Estimating Income Taxes for 1099 Independent Contractors

If you participate in the sharing economy by working as a 1099 contractor or by renting your home on Airbnb, you know that you will likely be required to pay taxes on your income. But just how much do you need to save in order to cover your tax payments? Here is a brief guide to help you determine how much to put aside for Airbnb and 1099 contractor taxes.

1099 Contractors

In most cases, sharing economy workers are considered as 1099 contractors for tax purposes. The only way you would not be considered as a 1099 contractor is if you have formed a corporation for your business. If you are a 1099 contractor, you will be considered as self-employed and you will need to pay self-employment tax if your net income is greater than $400.

You will need to save a significant amount of your income given that self-employment taxes total 15.3%. For income taxes, your income tax bracket will determine what percentage you should save for income tax. For example, if you earn $15,000 from working as a 1099 contractor and you file as a single, non-married individual, you should expect to put aside 30-35% of your income for taxes. It is important that you put aside money because you may also be required to pay quarterly estimated taxes.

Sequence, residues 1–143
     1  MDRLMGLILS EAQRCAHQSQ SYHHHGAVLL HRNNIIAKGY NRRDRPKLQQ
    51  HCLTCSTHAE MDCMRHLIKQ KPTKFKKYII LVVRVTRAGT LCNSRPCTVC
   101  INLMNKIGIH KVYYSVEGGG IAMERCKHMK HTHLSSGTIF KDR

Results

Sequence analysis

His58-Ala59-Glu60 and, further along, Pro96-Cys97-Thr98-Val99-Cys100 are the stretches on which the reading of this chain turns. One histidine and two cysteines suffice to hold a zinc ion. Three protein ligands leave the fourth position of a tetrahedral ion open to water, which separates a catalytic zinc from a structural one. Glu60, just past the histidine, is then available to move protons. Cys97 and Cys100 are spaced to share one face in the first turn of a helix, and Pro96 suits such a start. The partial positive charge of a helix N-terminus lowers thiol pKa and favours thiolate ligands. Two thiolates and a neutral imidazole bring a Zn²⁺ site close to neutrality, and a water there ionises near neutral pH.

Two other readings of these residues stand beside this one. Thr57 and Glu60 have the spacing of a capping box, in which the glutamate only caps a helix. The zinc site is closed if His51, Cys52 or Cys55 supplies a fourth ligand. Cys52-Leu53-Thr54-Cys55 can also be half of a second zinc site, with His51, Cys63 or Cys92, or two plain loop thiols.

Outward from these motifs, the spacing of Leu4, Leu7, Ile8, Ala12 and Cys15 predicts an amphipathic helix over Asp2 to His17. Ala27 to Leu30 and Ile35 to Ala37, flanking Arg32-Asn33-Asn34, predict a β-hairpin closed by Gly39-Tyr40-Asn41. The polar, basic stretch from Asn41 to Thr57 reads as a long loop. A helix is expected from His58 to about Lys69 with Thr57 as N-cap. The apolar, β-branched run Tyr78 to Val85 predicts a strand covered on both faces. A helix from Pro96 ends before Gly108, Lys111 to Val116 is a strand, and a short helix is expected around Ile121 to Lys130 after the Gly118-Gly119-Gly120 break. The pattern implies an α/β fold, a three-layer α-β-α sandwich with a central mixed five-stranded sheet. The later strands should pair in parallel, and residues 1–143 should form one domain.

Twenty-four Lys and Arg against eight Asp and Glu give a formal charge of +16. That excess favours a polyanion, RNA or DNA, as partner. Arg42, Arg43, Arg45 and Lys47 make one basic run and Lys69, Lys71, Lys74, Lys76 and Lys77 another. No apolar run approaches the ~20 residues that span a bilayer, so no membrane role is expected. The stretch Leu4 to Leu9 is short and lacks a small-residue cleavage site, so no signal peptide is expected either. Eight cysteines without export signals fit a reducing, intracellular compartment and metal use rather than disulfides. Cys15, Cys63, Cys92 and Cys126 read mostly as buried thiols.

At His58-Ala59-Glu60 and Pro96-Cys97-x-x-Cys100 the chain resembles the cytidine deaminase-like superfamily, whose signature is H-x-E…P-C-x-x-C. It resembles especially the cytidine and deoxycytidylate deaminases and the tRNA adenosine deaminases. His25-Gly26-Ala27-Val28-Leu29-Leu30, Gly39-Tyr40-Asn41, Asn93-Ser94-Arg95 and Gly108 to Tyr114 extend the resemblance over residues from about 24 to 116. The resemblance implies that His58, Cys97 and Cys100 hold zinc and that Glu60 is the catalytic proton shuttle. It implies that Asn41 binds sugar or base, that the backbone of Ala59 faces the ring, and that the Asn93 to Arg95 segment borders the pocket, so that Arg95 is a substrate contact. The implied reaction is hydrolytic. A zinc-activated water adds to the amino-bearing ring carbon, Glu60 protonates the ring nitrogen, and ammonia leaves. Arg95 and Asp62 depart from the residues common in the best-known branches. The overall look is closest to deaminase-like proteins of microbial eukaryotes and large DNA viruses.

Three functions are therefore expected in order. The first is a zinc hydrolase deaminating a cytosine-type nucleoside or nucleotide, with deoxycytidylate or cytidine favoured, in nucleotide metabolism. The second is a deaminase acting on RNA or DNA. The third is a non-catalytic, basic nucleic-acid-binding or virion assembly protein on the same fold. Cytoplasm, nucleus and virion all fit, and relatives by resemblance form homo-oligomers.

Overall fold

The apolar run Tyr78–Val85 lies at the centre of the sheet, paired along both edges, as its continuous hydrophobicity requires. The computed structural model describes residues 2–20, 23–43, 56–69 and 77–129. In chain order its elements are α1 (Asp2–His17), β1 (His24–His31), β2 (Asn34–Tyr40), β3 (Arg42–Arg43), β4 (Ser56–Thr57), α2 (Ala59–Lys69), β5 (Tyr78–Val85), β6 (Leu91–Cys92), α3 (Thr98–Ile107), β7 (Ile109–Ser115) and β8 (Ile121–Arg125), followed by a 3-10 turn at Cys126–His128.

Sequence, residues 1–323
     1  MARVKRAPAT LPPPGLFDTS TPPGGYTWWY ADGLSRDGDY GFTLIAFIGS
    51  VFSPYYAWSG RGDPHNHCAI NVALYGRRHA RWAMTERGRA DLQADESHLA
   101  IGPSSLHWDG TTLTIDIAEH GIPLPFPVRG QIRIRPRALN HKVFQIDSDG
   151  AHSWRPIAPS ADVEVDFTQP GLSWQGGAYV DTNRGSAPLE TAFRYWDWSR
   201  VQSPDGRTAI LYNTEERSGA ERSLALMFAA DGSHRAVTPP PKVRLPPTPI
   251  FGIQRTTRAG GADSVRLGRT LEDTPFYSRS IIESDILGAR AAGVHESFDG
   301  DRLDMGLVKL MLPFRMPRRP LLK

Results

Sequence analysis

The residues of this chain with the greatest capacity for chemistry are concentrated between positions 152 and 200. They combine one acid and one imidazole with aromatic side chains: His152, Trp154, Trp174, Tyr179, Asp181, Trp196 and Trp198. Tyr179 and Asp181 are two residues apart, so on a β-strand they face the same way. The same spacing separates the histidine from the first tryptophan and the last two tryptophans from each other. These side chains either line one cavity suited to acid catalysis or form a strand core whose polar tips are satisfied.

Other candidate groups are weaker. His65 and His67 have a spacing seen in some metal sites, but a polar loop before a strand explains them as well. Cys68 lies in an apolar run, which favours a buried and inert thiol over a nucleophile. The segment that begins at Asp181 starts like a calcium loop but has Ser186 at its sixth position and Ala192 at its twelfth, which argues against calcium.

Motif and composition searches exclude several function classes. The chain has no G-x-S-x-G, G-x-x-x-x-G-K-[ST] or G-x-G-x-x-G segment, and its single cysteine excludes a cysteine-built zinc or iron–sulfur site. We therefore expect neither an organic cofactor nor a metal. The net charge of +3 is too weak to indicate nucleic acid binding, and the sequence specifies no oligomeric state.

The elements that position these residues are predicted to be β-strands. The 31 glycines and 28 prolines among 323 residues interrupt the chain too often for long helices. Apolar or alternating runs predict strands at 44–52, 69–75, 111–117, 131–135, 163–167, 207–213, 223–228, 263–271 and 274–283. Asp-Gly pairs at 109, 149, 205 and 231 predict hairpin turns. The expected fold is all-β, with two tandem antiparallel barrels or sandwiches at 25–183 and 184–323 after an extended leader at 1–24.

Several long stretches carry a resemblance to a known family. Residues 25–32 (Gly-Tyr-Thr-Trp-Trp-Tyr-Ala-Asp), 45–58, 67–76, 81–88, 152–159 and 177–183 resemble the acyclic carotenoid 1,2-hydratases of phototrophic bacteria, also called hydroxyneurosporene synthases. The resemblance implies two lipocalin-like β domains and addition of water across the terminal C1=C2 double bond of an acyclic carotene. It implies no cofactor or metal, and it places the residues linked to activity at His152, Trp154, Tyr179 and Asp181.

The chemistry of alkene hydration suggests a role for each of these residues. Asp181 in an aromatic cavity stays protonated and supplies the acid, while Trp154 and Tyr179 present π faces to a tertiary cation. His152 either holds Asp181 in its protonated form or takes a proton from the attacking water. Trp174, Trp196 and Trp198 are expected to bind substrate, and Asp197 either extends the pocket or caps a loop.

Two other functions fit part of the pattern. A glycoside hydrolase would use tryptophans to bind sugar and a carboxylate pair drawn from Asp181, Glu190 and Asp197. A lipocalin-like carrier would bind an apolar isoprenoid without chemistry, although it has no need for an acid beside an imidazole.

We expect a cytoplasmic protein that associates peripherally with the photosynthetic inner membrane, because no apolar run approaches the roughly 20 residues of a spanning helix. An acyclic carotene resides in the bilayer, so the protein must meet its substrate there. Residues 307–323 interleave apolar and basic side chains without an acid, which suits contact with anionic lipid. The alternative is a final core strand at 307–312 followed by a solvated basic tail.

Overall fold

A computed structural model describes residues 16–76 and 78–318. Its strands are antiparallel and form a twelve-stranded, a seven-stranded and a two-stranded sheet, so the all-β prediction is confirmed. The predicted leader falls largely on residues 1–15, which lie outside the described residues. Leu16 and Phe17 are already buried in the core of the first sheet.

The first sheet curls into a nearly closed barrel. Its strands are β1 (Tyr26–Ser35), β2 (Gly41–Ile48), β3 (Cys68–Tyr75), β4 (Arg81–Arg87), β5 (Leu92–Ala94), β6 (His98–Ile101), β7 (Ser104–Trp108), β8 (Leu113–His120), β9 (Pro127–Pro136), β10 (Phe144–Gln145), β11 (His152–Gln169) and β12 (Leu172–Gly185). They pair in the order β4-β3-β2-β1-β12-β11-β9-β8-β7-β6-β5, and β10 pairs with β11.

Homesharing / Airbnb 

If you rent on Airbnb, you will need to determine if your Airbnb income is taxable first. The amount of taxes that you will owe will depend on how long you rent your place. If you rent for less than 15 days per year and use your property as a personal residence for the greater of 14 days or 10% of the total time that you rent it out on Airbnb, you do not have to pay any taxes on your rental income.

However, if you rent for more than 15 days per year, you then need to make sure that you have put aside money for income tax, if you do not meet the above criteria for tax-free rental income. As a rule, Airbnb withholds 28% of your income for taxes if you do not provide them with a W-9 form. Although your effective tax rate will likely be lower than 28% this is a good rule to follow in order to make sure that you are covered.